Tag Archives: marketing

Showcase Your Brand ANYWHERE with Tabletop Displays

4over’s Tabletop Displays may be the smallest member of our Large Format family, but they pack a BIG marketing punch. These miniature retractable banners offer an ample amount of space to highlight product and service advertising or company branding.

Featuring high quality printing on 10mil Premium Vinyl, Tabletop Displays are easily portable and set-up in just a few simple steps. They are the ideal signage for customers on the go, and exhibit perfectly at trade shows, school functions, networking events and training seminars. And with quantities ranging from 1 to 50, you can order as little or many as you need for any occasion.

To learn more about 4over’s Tabletop Displays, including sizes and setup instructions, check out the video tutorial above!

A-Frame Sidewalk Signs, The NEW Word on the Street


The newest member of our Large Format family of products is sure to create major marketing curb appeal. 4over is proud to introduce A-Frame Sidewalk Signs! Popularly used by real estate agents and restaurants, sidewalk signs are the ideal backdrop for showcasing company branding, neighborhood sales or menu specials. They are perfect for any business wanting to advertise their message to the public.

A-Frame Sidewalk Signs are most commonly setup outdoors, but are great for catching customer attention indoors as well. Weighing only 12lbs, they are easy to assemble and easily portable, and feature a 24” x 18” sign printed 2-sided on 4mm coroplast. For additional ad space, an optional sign rider can be purchased separately and installed on top of the frame.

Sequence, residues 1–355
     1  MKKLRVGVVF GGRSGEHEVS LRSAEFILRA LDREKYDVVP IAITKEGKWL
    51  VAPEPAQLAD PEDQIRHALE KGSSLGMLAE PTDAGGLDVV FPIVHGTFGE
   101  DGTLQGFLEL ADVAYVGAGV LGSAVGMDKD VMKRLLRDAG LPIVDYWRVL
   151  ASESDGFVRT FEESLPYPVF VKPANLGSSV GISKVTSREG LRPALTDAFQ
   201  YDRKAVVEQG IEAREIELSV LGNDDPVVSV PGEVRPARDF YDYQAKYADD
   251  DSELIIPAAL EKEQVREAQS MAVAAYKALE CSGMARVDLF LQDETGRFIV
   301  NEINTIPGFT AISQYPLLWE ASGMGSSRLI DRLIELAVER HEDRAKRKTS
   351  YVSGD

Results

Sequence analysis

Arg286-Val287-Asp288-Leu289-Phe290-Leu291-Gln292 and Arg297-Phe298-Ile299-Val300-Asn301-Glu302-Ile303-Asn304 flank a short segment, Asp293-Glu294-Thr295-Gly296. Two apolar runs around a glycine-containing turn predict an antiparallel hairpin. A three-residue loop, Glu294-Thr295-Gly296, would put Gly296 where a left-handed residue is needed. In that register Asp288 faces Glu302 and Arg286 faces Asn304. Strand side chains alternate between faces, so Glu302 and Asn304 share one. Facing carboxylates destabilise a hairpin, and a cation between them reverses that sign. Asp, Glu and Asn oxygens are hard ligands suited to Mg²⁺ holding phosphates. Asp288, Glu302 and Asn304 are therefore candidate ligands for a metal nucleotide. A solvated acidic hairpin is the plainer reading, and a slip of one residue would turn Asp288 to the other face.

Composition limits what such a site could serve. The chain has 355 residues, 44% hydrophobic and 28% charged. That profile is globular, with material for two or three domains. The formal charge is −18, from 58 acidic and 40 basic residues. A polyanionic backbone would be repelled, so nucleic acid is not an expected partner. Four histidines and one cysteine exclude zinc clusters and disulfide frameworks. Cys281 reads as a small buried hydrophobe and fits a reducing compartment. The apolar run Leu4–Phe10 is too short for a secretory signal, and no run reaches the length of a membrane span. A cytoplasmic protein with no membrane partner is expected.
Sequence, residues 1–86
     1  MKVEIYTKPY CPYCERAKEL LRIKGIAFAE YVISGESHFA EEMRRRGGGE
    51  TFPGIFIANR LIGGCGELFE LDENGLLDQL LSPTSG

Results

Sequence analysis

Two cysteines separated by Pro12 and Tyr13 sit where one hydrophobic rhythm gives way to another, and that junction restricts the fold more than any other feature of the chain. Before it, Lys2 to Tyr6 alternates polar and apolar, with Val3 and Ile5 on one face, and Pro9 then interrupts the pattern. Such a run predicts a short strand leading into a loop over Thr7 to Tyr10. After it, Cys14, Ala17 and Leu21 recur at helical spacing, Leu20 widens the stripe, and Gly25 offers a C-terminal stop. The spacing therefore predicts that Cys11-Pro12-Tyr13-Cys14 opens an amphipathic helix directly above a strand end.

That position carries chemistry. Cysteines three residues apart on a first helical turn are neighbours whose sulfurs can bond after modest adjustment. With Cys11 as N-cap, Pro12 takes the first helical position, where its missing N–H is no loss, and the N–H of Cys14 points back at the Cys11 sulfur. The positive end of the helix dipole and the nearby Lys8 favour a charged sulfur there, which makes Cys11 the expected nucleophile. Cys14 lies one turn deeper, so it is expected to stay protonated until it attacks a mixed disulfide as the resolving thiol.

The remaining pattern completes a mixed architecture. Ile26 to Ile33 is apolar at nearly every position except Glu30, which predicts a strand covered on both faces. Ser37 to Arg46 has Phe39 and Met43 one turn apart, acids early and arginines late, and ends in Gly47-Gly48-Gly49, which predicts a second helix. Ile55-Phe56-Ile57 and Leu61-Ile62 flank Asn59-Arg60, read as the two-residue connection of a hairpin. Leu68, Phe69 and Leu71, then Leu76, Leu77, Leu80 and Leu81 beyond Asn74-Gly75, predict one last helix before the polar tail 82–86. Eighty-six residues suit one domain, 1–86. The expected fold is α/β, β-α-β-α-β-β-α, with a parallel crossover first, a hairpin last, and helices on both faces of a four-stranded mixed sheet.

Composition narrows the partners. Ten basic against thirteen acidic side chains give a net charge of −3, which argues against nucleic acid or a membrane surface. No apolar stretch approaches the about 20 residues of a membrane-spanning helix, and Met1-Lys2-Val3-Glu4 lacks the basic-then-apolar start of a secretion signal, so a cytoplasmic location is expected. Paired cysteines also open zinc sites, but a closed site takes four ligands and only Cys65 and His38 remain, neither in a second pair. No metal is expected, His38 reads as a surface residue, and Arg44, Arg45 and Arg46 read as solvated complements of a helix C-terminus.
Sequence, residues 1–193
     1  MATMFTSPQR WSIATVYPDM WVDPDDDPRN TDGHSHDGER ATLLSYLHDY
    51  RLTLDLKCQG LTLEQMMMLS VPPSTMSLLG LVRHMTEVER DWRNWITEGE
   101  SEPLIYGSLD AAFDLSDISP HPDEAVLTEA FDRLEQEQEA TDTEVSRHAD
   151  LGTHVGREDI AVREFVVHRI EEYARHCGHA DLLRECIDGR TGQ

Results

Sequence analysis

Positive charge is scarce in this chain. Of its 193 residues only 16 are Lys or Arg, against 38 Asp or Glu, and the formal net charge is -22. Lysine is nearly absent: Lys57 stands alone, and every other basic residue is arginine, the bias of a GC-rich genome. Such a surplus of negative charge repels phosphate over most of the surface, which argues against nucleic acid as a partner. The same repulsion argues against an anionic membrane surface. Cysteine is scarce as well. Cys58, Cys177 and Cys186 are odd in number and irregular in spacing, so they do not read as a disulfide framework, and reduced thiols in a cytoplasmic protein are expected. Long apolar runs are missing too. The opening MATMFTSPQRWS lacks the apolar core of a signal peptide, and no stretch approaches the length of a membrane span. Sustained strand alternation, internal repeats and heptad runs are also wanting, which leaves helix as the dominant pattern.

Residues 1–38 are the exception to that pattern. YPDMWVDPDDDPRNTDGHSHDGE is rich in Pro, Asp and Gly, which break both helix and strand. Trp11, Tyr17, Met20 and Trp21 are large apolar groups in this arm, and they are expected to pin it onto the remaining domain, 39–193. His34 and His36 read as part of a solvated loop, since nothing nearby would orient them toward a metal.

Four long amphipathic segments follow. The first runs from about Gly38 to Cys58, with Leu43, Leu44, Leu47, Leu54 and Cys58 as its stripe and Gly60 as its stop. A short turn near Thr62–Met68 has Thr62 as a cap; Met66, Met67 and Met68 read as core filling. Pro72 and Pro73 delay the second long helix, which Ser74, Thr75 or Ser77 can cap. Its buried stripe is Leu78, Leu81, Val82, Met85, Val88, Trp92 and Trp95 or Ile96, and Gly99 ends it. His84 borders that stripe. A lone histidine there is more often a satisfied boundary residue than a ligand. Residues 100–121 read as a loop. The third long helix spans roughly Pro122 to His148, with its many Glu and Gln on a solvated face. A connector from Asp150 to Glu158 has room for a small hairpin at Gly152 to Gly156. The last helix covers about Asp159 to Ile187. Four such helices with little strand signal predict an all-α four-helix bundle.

Stop traffic in their tracks with impactful marketing! Sign-in and try 4over’s NEW A-Frame Sidewalk Signs today!

The Power Behind Storytelling in Marketing

story2Who doesn’t love stories? We grew up on stories, we go to the movies, we read books, and we binge watch our favorite television series. As a matter of fact, our entire culture is based on a story called “history” which is essentially a narrative record of past events. With the word “story” at its root. Suffice to say, stories are a part of us.

So how does this tie into marketing? It doesn’t always, but it should. We’re constantly being bombarded with pushy, high-pressure ads asking us to “buy this product now!” But marketing campaigns are typically most effective when they take on a storytelling approach. According to Psychology Today, consumers tend to use emotion more than information to evaluate brands. The emotional response to an ad has more influence than the content (3:1 for commercials and 2:1 for print).

Assistant Professor of Marketing at Messiah College, Keith Quesenberry, and his colleague, Michael Coolsen, published a study recently in a piece on Social Media Today about the Power of Storytelling. The piece was geared toward social media marketing, but the topic can easily apply to just about any form of marketing. In the study, they analyze two years of Super Bowl Commercials to determine which were the most liked and which generated the most buzz. They coded the commercials based on Freytag’s Pyramid – the same pyramid Shakespeare used for his plays. This theory breaks down the story into five parts:

  • Introduction (exposition)
  • Rising action
  • Climax
  • Falling action
  • Resolve (denouement)

So what exactly does this mean for you, your brand and your marketing campaigns? Let’s break down some of the basics of marketing which many of you are probably already familiar with. These are some of the fundamental rules that we, right here within our own organization, do our best to adhere to when marketing products:

  • Speak to your target market
  • Identify problems and solutions
  • Clarify your differentiation / niche
  • Use keywords
  • Include a call to action

Now take all of these ideas and plug them into a narrative where you begin speaking to your target market in a way that’s relatable. Start with an introduction to your product, service or brand. Then present a problem that can be solved by the use of your product or service (all of this can be wrapped into the Rising action, Climax and Falling action. Remember, you want the story to be relatable). Add in keywords and a call to action once you reach your resolve, and you’ve got yourself a marketing piece that tells a story.